Weather Forecast


NEW MENTORSHIP PROGRAM IN DL: What do you want to do for a living?

When the bell rang at the Detroit Lakes High School Monday morning, Karen Odens and Erika Haglund made their way into the classroom like they had done many times before.

They pair weren't high school students though, at least anymore.

"I graduated from here in 1997," Odens said.

"I graduated from here in 2006," stated Haglund.

Odens is now a pharmacist in Park Rapids -- Haglund is her intern in her last year of pharmacy school.

They were part of a new Community Mentorship program in Detroit Lakes, which pairs up area professionals with high school students that might be interested in their careers.

It's part of the Career Academies, which were formed last year according to what interests the students had.

The Community Mentorship program has 32 mentors coming in once a quarter to talk to the students about their job -- what got them interested in it and how they got it.

You can look at a textbook and find out what path you should take and what the colleges recommend," said High School Councilor Sara Pender, "but I think just hearing people's personal stories is nice for kids because they know that sometimes there can be a little jaunt here, and then they went that way ... but they still got to where they were through persistence and hard work, and maybe they did change their minds, but that's OK."

The executive director of the Holmes Theater, Amy Sternes, knows all about changing her mind.

"I've had like five or six careers," she laughed, "but I want these students to know that you have to try things to find who you are what you like. It's so important for people to keep exploring and keep learning."

Independent musician and graphic artist-photographer John Hutchinson is one of those mentors that wants to help the students find their way so that they don't wake up every Monday morning hating work.

"I told them, 'find the place you know is yours. Find a career you enjoy and love because that will make it un-like work. Just keep moving forward and find your way.'"

One of those students trying to find his way is Bernard Brewer, a sophomore who wants to one day become a chef.

Although there were no working chefs for him to be paired up with specifically, he says his business mentor still had some good advice.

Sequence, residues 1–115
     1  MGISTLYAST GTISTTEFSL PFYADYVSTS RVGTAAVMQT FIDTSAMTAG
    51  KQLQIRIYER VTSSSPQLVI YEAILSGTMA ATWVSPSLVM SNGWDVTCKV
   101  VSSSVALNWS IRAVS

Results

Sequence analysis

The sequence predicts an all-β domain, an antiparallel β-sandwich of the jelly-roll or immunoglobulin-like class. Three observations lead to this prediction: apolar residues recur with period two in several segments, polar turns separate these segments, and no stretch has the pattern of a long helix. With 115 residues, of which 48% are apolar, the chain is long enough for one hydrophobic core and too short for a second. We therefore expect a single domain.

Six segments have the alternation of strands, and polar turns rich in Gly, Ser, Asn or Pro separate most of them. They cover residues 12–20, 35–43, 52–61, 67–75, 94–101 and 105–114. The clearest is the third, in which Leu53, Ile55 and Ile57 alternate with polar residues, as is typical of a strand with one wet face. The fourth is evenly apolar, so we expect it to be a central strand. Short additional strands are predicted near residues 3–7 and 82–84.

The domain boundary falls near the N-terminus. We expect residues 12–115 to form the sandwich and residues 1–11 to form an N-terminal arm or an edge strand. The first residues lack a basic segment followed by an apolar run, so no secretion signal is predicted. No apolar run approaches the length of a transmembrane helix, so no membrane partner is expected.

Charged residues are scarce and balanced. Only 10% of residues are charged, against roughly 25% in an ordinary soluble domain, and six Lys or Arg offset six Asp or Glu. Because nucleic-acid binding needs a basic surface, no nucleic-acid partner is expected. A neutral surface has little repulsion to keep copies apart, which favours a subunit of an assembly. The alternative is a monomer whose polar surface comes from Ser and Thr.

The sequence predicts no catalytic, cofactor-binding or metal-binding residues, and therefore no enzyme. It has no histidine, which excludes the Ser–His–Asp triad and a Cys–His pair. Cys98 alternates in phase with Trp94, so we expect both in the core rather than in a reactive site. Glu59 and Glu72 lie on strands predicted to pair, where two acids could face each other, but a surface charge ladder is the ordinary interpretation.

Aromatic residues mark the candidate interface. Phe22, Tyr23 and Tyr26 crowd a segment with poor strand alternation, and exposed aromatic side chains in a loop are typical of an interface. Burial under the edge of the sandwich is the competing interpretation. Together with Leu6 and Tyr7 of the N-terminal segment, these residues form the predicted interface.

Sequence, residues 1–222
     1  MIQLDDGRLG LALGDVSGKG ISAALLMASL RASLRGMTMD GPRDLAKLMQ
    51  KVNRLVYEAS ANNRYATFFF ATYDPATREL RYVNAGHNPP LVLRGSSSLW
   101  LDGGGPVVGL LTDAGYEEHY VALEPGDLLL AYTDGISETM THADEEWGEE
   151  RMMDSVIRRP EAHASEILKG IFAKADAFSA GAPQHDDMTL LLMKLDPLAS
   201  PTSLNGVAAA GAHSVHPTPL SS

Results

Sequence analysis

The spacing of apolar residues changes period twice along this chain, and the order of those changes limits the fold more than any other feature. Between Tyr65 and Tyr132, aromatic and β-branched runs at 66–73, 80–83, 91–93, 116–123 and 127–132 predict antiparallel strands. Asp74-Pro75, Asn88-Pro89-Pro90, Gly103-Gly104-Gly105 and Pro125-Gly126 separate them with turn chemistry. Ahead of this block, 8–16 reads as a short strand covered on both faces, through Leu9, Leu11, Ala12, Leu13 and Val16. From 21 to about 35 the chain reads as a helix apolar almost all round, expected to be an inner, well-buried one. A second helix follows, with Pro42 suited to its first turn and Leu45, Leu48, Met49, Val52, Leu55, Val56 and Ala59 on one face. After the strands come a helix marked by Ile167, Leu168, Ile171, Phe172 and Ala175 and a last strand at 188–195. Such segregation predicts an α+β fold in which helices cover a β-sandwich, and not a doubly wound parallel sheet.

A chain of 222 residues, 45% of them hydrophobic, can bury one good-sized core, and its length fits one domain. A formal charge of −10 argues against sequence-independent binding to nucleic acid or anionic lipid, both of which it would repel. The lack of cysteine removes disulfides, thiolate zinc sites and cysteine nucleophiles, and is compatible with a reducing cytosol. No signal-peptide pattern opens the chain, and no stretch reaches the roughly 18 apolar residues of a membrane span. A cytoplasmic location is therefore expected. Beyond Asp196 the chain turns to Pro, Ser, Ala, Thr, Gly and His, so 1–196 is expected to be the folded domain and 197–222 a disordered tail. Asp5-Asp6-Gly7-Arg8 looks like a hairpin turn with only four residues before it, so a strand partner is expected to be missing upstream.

"If things get hard, just keep going through it, because there were times when he didn't get paid much and had to do a lot of work, but you just have to push through it."

School councilor Doreen Richter says she hopes the program can give the students some exposure to career fields that might not even be on their radar.

"I've heard from past grads who ended up going into business even though they never took a business class here in high school," said Richter, "and I think it would have been nice for them to have had something like this because then maybe they would have realized they were interested in it earlier and gotten some classes out of the way -- because we do have so many opportunities for students to earn college credits while they are here."

Senior Madeleine Taylor says she has a lot of friends who are nervous about going to college because they don't know what they want to do, but don't want to waste money.

And although she has her mind pretty firmly set on special education, her mentor still enlightened her on her future career.

"I learned that teaching doesn't just start at 8 (a.m.) and end at 3 (p.m.)," said Taylor, "You're always working at something like prepping or grading papers on your off time, and I didn't realize they did things during the summer for teaching, too."

Taylor says this new information didn't deter her, but rather made her feel more comfortable about going into something she knows more about -- the good and the bad.

"It's tough for students these age to make a decision on what they want to do when they're still busy also wondering whether they are going to get to go out on a date Friday night or not," said mentor Ed Welke, a water analyst and former high school chemistry teacher in Detroit Lakes. "But I think if they can determine 'Do I like to work with people or do I like to work with things?' it will help them a lot."

What also helps them a lot, according to Richter, is the community connections the students are able to make.

"They're able to meet people who might be able to give them internships or summer employment, so it can really get the ball rolling in the right direction for them."